Recession - What Recession? Spending on Luxury Items Topped $1.8Tr Last Year
By: Boston Consulting Group February 07, 2014
Consumers remain smitten by luxury. Their urge to splurge was revealed in a 2013 study by The Boston Consulting Group, which found that consumers spent an annual aggregate amount of more than $1.8tr worldwide on items the respondents defined as luxuries.
That figure far outstrips the approximately $390bn globally that is usually cited as total annual sales of luxury goods such as apparel, cosmetics, watches, and jewelry. Of the $1.8tr in annual luxury spending BCG has identified, sales of luxury cars account for more than $400bn worldwide, and the business of luxury experiences"”from private airline services to five-star restaurants"”is already worth almost $1tr of the total.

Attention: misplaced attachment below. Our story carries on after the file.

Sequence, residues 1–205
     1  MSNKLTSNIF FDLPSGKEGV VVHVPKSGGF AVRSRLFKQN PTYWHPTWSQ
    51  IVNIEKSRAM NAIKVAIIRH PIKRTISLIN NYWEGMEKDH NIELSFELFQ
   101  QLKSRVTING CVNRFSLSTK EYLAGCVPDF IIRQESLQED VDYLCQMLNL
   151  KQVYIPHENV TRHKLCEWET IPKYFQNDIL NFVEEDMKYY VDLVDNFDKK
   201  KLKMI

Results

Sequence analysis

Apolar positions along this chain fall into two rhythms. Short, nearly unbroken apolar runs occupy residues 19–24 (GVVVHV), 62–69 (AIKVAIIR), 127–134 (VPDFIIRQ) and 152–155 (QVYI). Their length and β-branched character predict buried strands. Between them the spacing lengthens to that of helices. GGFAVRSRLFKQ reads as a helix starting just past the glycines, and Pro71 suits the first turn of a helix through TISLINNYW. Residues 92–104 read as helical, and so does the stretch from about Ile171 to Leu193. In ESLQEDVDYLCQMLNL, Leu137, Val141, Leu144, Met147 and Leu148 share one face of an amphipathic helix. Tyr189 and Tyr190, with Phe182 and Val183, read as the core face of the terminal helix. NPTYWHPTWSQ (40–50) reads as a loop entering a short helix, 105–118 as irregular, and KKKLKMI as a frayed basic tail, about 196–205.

In this context, the luxury market continues to buck the slow- and no-growth trends typical of many other industry sectors. BCG forecasts that after the past two years of 11 percent annual growth, the personal-luxury-goods sector will expand annually at around 7 percent over the next few years, outrunning the increases in GDP seen in most economies.
But what those raw statistics don't show is how kinetic the luxury industry really is. We still see launches of lustrous new brands, bold acquisitions, equity stakes purchased by private-equity firms, and even start-up activity. Recently, LVMH MoÃ«t Hennessy Louis Vuitton spent $2.6bn to buy cashmere clothier Loro Piana and then acquired Nicholas Kirkwood, J.W. Anderson, and Hotel Saint-Barth Isle de France.